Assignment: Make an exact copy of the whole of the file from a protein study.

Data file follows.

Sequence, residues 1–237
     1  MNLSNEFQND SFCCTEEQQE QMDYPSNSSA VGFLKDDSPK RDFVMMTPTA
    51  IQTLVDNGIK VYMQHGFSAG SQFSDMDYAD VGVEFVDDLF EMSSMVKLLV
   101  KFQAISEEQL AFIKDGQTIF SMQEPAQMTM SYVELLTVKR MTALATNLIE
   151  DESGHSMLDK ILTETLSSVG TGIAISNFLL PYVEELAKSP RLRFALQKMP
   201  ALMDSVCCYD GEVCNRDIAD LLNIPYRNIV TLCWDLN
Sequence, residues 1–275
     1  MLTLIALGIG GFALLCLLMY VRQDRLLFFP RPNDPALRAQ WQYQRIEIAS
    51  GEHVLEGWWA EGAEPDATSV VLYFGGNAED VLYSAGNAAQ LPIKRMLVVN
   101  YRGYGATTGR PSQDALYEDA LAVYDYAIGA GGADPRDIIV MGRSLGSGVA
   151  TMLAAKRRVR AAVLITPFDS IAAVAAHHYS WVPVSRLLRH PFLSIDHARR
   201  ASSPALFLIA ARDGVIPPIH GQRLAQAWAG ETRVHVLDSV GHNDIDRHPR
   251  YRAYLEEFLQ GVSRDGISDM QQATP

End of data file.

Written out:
Sequence, residues 1–237
     1  MNLSNEFQND SFCCTEEQQE QMDYPSNSSA VGFLKDDSPK RDFVMMTPTA
    51  IQTLVDNGIK VYMQHGFSAG SQFSDMDYAD VGVEFVDDLF EMSSMVKLLV
   101  KFQAISEEQL AFIKDGQTIF SMQEPAQMTM SYVELLTVKR MTALATNLIE
   151  DESGHSMLDK ILTETLSSVG TGIAISNFLL PYVEELAKSP RLRFALQKMP
   201  ALMDSVCCYD GEVCNRDIAD LLNIPYRNIV TLCWDLN
Sequence, residues 1–275
     1  MLTLIALGIG GFALLCLLMY VRQDRLLFFP RPNDPALRAQ WQYQRIEIAS
    51  GEHVLEGWWA EGAEPDATSV VLYFGGNAED VLYSAGNAAQ LPIKRMLVVN
   101  YRGYGATTGR PSQDALYEDA LAVYDYAIGA GGADPRDIIV MGRSLGSGVA
   151  TMLAAKRRVR AAVLITPFDS IAAVAAHHYS WVPVSRLLRH PFLSIDHARR
   201  ASSPALFLIA ARDGVIPPIH GQRLAQAWAG ETRVHVLDSV GHNDIDRHPR
   251  YRAYLEEFLQ GVSRDGISDM QQATP